Check Out The Online Newsroom

The previous post reminds me: We do our best to keep up with what other blogs write about us, when we are cited, and when we do online, television and radio interviews. (We have a very recent television interview up.) It's near impossible to get all of it, but we catch much of it. What we do find we archive on this site. So, be sure to go to the Online Newsroom on occasion to see what's new out there — the good, the bad and the ugly.

Who Says Bloggers Can't Fill The Gap?

Hopefully, you've perused the March 3 News Stand. In it, I bring to readers' attention an article by The Washington Post's Marc Fisher who laments that economic downsizing has led to a reduction in media coverage of state government in Richmond and Annapolis. Among the Mainstream Media, he notes, several newspapers have reduced the number of reporters at the capitols, about half as many in Virginia as there used to be, and that only one Virginia television station still maintains a bureau in capitol square. Alas, he maintains, despite the explosion of new media —blogs in particular — it isn't enough to fill the gaps left by the reduction of full-time journalists. Says who? While we won't be pretentious enough to claim bloggers fill the exact same role as political beat journalists, especially the old-fashioned five W's objective reporters — those days disappeared along with the buggy whip manufacturers anyway — we can say, speaking for ourselves, that bloggers have more than replaced what passed for electronic media coverage of the legislature. Never more than sound byte "journalism," exactly how much depth do viewers get from one- and two-minute television reports, or 30-second updates on radio?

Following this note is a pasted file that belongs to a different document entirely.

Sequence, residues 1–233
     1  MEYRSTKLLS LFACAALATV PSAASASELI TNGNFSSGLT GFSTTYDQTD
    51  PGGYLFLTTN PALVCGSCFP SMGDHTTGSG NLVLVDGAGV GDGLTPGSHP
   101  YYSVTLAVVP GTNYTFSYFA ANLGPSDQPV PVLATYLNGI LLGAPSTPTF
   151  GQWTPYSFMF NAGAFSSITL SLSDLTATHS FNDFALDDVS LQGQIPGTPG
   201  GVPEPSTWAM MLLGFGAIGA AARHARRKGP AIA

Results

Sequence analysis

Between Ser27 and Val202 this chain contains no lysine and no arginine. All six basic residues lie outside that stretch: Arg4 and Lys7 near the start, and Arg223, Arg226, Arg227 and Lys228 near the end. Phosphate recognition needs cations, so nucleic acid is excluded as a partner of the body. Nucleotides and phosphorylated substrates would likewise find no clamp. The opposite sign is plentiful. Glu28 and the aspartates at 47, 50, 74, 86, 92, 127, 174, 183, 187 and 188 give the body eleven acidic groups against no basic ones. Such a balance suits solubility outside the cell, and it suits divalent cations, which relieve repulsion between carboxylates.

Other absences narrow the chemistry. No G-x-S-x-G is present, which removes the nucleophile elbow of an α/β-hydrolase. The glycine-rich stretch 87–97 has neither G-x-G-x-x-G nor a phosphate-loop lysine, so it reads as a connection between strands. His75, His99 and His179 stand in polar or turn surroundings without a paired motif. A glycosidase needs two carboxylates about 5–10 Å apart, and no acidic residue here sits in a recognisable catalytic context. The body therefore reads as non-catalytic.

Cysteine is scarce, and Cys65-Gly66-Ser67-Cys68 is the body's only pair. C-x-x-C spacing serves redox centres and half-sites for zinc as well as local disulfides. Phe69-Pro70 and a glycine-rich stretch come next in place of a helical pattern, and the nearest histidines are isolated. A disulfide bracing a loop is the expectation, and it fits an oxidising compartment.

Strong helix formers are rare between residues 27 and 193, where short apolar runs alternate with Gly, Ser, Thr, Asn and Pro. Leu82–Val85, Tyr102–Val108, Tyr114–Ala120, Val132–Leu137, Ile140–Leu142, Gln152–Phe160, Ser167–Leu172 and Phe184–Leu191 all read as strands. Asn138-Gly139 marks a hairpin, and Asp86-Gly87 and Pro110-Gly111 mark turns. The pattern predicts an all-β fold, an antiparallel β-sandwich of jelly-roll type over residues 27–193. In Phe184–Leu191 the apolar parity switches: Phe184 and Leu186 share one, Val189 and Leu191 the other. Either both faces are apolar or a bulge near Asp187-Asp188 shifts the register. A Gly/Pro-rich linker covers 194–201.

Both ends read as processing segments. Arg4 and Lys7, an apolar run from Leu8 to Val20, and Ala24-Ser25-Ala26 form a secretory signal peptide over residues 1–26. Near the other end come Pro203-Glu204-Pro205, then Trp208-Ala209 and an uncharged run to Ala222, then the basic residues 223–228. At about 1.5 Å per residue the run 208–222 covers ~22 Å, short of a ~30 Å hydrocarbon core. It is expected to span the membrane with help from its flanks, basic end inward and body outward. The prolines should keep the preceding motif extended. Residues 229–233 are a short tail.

Perhaps Mr. Fisher should have looked at our blog during session (see Capitol Square Diary) and our YouTube page. Everyone should. At last count we had 23 videos posted there, almost all concerning the General Assembly, and many of them from committee hearings. Not five- or 10-second sound bytes, but full testimonies and questions and answers between committee members and witnesses, not to mention the committee votes. Ahh, the votes.